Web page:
Memorial Day Beach (copy)

Beach-goers enjoy Memorial Day without necessarily following COVID-19 guidelines at Horny Corner in Alamitos Bay. Those guidelines could be lifted by June 15 this year.

California schools and businesses should be able to fully reopen at their pre-pandemic capacities starting June 15, regardless of which of the state’s color-coded tiers are currently in place in their county, officials said Tuesday, April 6.

Everyone is still encouraged to get vaccinated against COVID-19, and the state’s mask mandate will remain in place. State health officials announced the news in a media briefing Tuesday morning, citing “consistently low and improving metrics” such as the number of new COVID-19 cases and people hospitalized with the disease, and recent vaccination milestones.

Statewide, the average daily rate of COVID-19 cases has plunged sharply since a winter spike hit its peak around the first week of January, from more than 112 cases per 100,000 residents then to just 5 per 100,000 as of Monday, state data shows. The number of people hospitalized with the disease also has dropped significantly since abut mid-January.

More than 20 million doses of vaccine have been administered, with more than 7.5 million of the state’s nearly 40 million residents fully vaccinated and almost 6 million more having received one of two needed doses.

State officials have previously hinted at a “green tier,” but they explained Tuesday the new category coming in June signals the end of the current “blueprint for a safer economy” that uses a four-tier, color-coded system with thresholds to meet for advancing through the increasingly less-restrictive tiers.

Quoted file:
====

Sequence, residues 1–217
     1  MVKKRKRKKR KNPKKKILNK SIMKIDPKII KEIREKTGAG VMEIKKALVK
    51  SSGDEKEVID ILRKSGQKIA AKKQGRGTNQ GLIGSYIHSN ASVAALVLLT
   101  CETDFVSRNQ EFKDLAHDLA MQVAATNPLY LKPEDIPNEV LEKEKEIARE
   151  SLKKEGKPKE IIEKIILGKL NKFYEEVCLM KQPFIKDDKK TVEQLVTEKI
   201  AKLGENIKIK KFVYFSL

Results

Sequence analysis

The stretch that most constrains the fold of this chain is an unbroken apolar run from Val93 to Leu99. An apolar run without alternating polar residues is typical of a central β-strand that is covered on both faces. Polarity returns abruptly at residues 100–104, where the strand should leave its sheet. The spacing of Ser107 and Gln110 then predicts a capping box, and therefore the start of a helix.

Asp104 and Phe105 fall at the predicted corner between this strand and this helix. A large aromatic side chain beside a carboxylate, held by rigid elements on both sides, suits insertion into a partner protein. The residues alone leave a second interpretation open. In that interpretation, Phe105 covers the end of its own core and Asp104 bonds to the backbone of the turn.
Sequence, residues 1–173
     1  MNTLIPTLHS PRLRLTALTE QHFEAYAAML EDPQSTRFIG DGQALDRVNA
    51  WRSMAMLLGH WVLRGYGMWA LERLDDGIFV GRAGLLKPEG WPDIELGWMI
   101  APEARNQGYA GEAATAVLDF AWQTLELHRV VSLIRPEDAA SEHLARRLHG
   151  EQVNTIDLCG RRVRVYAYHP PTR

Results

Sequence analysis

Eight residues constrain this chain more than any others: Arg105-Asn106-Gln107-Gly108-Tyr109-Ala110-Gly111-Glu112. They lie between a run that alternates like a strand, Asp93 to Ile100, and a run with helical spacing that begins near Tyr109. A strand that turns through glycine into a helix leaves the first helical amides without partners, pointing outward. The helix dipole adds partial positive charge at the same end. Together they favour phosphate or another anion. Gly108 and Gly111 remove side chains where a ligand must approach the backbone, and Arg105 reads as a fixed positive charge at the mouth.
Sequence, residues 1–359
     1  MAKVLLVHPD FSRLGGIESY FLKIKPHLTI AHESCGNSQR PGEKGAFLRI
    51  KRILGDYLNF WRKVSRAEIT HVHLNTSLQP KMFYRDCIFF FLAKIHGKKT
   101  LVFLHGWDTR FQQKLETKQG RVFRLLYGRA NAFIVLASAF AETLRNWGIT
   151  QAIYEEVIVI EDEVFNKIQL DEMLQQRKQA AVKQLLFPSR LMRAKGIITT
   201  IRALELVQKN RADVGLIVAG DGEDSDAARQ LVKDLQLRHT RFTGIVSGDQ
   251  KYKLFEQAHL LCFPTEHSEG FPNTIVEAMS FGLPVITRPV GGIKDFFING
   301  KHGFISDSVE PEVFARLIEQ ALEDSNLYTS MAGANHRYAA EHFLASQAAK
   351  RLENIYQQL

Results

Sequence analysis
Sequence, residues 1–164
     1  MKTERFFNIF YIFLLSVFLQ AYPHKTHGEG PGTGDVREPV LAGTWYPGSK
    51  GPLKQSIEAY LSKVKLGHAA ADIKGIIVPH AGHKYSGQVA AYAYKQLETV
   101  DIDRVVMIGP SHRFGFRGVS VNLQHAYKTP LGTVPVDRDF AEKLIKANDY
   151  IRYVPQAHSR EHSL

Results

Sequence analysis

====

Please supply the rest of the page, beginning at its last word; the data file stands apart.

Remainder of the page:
If concerns arise – such as rapid spread of new virus variants or significant hopsitalizations among already vaccinated people – the state could put the brakes on reopening, state Health and Human Services Secretary Dr. Mark Ghaly said in the briefing.

But if current progress continues, the shift planned for June 15 “really means that everyday activities will be allowed and businesses can open with common-sense risk reduction measures,” Ghaly said.

“We can go to movies, to the beach and see family.”

The state’s announcement will mean theaters and performing arts groups, sporting events and other such organizations and venues can begin to plan for reopening with few restrictions. But the immediate future of very large gatherings is still a bit hazy.

Ghaly said for now, events with more than 5,000 people are prohibited unless organizers get proof that everyone in attendance has been vaccinated or has a recent negative COVID-19 test.

Full capacity at convention centers or events such as the Coachella music festival “won’t be recognized without some requirement for testing or vaccines,” Ghaly said.

He added, “We don’t yet have the path for those to occur at the same size and scope that they have traditionally,” but state health officials continue to work with industry representatives.

Also announced Tuesday is Riverside and San Bernardino counties will follow Los Angeles and Orange counties into the more relaxed orange tier this week, according to state Department of Public Health data released Tuesday, allowing more businesses and public places in the Inland Empire to reopen indoors and increase customer capacities.

State officials on Tuesday announced that because California surpassed another goal of administering 4 million vaccine doses in 400 ZIP codes that have been disproportionately impacted by the coronavirus, the case rate thresholds to enter both the orange and yellow tiers have moved higher, making both easier-going tiers easier for counties to enter.

That also means counties are less likely to slip back into tougher tiers if their case rates worsen between now and mid-June, when state leaders are expected to scrap the color-coded blueprint.

Staff Writer Ian Wheeler contributed to this report.


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